Not only has the nation's high level of C-sections finally stopped rising, but more of the operations are taking place closer to the mother's due date, a new government report found.
Figures released Thursday show what appears to be a significant shift in when pregnant women have cesarean sections. Experts called the change great news - apparent evidence that doctors and women have absorbed warnings about the risks of C-sections and the importance of waiting to deliver until the baby is full-term.
"People are getting the message," said Dr. Barbara Stoll, an Emory University specialist in the care of newborns.
A C-section is major surgery with risks of infection and, in very rare cases, death. Recovery time is longer than with a vaginal delivery. And the babies can be more likely to have breathing difficulties and other medical problems.
For decades, the operations were done in only a small fraction of births, usually only when a fetus was in danger. In 1970, the U.S. rate was 5 percent of all births.
By 2009, about a third of births were C-sections. Experts say many factors drove the rate up, including the convenience of scheduling deliveries.
But that rate has at least stopped rising for two years. The overall rate was again about 33 percent in 2011, the latest year available from the Centers for Disease Control and Prevention.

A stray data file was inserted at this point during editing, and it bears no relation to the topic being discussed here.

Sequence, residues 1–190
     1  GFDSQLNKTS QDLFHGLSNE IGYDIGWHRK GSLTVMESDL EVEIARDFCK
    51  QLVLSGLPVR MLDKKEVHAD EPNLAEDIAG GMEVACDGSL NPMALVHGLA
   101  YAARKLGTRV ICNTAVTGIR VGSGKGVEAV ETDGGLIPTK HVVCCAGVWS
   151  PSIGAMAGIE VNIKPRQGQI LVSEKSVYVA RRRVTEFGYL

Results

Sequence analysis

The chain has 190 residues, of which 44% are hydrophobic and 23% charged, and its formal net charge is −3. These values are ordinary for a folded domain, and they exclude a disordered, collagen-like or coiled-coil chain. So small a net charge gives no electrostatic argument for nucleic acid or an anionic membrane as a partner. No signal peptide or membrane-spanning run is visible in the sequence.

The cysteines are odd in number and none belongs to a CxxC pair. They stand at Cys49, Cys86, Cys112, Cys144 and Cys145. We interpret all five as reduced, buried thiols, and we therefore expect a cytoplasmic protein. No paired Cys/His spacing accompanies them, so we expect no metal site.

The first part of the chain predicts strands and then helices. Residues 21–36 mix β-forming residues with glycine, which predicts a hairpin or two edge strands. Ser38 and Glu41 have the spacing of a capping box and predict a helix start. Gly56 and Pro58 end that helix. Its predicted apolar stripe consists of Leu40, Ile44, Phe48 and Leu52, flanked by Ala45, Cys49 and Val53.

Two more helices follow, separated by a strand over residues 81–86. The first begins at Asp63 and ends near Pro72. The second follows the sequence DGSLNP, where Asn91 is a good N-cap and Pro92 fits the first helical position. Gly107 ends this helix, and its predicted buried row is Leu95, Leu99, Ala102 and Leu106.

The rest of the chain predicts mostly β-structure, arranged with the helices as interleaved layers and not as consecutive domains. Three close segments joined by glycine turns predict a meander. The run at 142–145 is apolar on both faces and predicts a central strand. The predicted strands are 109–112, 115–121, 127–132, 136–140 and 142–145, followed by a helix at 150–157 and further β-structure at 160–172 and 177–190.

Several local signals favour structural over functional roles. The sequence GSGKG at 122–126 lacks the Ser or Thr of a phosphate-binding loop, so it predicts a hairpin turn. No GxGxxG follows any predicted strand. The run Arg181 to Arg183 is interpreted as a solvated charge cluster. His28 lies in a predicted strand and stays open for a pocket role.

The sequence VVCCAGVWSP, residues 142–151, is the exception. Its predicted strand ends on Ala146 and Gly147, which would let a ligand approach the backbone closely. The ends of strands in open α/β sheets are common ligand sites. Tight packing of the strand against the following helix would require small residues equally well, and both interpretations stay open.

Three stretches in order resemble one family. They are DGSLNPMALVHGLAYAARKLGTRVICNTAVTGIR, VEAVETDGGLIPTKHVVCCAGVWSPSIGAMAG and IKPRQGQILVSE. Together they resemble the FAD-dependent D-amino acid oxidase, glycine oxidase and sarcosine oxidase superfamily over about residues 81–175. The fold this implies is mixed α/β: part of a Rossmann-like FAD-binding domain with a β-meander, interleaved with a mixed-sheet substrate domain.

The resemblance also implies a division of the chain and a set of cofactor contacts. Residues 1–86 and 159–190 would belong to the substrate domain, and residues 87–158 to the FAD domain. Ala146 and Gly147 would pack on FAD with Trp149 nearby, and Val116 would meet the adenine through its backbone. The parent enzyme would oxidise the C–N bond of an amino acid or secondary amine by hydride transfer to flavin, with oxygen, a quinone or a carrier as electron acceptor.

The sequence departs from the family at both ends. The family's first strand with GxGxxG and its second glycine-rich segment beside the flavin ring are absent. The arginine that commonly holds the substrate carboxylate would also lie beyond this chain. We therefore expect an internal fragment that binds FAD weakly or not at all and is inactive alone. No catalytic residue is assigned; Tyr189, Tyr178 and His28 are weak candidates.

Thursday's report focused on preliminary data for that year's single-child deliveries, which are about 96 percent of all births. The trend there was similar to the overall numbers: The C-section rate has held steady at 31 percent since 2009, after rising for a dozen straight years.
The report found very little change in C-sections through 37 weeks of gestation between 2009 and 2011. But at 38 weeks there were fewer: the rate fell 5 percent, to 32 percent.
And at 39 weeks, it rose 4 percent, to 34 percent of births. The rate at 40 weeks held steady at 25 percent.
A full-term pregnancy is 39 to 40 weeks. The changes occurred across the board, for all major racial and ethnic groups and for all ages of mothers.
CDC health statistician Michelle Osterman said they had hoped to figure out from the report why the overall rates had leveled off, but it didn't provide any answers. Health officials want to push the rate down to a goal of 15 percent.
Still, the shift to later C-sections is great news, said Dr. George Macones, head of obstetrics and gynecology at Washington University in St. Louis.
"The important thing is babies born before 39 weeks have more complications than babies born at 39 weeks and beyond," Macones said.